By Mindy Diamond – “I heard Bob blew up his business—none of his clients followed him to the new firm.”That was the buzz around the water cooler a few weeks after a top-producing advisor left the wirehouse he once called home to go elsewhere. It’s all too common for a “false narrative” (as it’s come to be called) like this to spread like wildfire—thick with perceived truth yet without any regard for source or facts.
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By Howard Diamond – Many tenured advisors possess a similar trait: They view the past through a strong pair of “rose-colored glasses.” When they think about their current firm, or potentially a new one, there is an expression of longing for “what was”—essentially, a place that no longer exists. Storied names of Wall Street past – such as E.F. Hutton, PaineWebber, A.G. Edwards, Advest, Lehman Brothers, Piper Jaffray, and Salomon Brothers, just to name a few – typically elicit nostalgic smiles and reminiscences of “the good old days.”
By Mindy Diamond – “My firm continues to frustrate me, and I am reasonably certain that it isn’t the best place to serve my clients for the long haul. But, I am making a good living, I haven’t lost a client, and I am reluctant to go through the hassle of a move.”
By Deborah Aronson – It’s natural to begin an exploration process with preconceived notions, guided by confirmation bias; that is, the desire to “prove” our thoughts are well-aligned with reality. Yet, as the due diligence process unfolds, you may find yourself more confused than when you started—maybe even losing sight of what prompted you to explore in the first place.
By Mindy Diamond – There are many times in life when we find ourselves in a position where we need to make a life-altering decision. Whether you consider yourself pragmatic or not, it can be hard to remain focused on what really matters most.
By Mindy Diamond – With wirehouse advisor discontent at an all-time high, the waterfall of alternative options robust, and free agency for many advisors only months away, we are on the verge of another wave of significant movement. But this time, if advisors choose to go, where they will wind up will look very different than it did years ago—making the landscape even more fractured than it is now.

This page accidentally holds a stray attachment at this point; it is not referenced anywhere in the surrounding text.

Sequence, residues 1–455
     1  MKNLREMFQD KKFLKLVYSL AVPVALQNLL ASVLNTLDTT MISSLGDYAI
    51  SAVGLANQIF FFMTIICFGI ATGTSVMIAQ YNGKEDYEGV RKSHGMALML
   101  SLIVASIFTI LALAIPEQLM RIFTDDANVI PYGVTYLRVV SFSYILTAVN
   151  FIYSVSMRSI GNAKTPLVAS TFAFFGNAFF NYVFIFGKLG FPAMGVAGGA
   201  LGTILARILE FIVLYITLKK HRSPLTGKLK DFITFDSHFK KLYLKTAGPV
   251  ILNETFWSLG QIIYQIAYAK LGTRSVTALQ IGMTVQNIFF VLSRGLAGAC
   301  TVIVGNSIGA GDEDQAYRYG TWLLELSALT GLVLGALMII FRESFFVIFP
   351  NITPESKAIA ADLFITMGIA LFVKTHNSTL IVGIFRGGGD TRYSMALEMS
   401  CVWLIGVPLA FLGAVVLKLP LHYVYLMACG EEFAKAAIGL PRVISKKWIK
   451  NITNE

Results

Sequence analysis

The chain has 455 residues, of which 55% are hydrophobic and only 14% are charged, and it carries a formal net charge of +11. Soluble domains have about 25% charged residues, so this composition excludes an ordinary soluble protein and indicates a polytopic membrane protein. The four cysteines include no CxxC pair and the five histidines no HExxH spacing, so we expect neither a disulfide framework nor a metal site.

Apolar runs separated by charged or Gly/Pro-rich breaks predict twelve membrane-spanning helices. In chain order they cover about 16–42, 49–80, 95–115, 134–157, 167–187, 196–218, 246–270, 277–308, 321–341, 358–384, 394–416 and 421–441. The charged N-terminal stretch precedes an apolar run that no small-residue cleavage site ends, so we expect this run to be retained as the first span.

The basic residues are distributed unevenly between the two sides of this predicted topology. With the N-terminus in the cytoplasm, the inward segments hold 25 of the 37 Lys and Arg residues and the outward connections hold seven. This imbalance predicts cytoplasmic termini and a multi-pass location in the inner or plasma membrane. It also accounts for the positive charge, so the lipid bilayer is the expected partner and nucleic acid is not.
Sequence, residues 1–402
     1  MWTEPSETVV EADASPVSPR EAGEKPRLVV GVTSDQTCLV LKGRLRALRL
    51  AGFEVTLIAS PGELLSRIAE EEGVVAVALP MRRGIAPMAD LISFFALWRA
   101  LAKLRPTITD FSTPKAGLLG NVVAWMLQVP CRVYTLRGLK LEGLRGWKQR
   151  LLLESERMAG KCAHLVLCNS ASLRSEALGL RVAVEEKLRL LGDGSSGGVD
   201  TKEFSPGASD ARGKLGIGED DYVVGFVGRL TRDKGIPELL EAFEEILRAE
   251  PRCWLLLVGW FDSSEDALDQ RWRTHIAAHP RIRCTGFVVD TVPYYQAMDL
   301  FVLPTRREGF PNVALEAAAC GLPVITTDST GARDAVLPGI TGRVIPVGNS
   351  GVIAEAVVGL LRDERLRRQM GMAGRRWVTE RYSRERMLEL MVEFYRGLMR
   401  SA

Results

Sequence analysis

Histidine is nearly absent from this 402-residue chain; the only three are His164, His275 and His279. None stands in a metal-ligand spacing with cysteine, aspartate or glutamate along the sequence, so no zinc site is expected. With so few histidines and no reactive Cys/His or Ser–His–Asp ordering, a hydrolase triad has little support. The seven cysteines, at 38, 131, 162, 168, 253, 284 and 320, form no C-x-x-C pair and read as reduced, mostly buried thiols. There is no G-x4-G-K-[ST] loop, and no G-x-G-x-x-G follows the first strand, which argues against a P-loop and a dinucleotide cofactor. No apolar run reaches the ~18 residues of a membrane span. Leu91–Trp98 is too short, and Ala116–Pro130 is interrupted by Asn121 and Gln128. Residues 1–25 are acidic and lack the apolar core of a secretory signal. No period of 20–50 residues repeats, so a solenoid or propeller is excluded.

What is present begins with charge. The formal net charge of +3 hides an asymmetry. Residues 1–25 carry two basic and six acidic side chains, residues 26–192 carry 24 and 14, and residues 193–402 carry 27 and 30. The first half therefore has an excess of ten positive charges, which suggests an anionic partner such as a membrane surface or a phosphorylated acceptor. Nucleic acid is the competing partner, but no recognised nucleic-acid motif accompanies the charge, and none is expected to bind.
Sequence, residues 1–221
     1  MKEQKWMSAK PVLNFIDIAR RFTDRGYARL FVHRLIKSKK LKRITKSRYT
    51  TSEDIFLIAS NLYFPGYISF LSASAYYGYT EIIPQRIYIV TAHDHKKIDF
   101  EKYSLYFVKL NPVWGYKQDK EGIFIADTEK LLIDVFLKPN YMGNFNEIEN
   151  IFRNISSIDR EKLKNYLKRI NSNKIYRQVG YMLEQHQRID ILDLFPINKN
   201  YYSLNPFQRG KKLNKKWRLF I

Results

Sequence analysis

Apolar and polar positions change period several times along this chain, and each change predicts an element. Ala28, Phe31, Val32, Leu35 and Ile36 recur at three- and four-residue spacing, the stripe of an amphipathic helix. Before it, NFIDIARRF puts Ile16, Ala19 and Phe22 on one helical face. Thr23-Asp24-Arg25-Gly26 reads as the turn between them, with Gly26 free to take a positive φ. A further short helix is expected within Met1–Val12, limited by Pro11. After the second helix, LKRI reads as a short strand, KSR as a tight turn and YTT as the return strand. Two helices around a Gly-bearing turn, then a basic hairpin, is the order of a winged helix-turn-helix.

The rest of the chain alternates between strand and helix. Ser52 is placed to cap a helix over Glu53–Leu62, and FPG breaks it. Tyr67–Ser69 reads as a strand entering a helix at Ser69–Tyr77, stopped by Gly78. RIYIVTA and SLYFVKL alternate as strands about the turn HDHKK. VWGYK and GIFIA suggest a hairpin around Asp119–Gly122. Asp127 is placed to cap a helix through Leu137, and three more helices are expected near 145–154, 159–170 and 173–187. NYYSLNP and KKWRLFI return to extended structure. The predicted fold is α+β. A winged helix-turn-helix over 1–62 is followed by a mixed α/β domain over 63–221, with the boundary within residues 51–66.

By Barbara Herman and Allison Brunwasser – We’re accustomed to having advisors speak candidly and confidentially to us, sharing the things that annoy or disappoint them most about their firms, the industry and about being an advisor. But over the past 6 to 12 months, advisors have become more vocal about areas of discontent. That is, more seem to openly admit that they’re not happy with their firm.
By Louis Diamond – While the financial advisory profession is still largely a meritocracy, your production and book of business no longer solely dictate how attractive you are to prospective employers. As wirehouses have scaled back on hiring advisors (not entirely by choice), regional firms, boutiques and independent platforms now control the recruiting market. The result? Cultural fit and likeability can make or break a deal.
By Mindy Diamond – While the momentum towards independence seems to have increasing traction, the independent world is definitively not for everyone. To be sure, there are plenty of risks and roadblocks that would deter most advisors from leaving the security of their brokerage firms—and in many cases, far more than what might make them actually make the leap.
By Mindy Diamond – There’s a constant companion I’ve had by my side most of my life. I didn’t invite her, yet there are times when she is loud, seeming to undermine me, and never cheering me on. She implies that something really bad is about to happen or that I am not worthy of more than I have now. That “companion” is fear.
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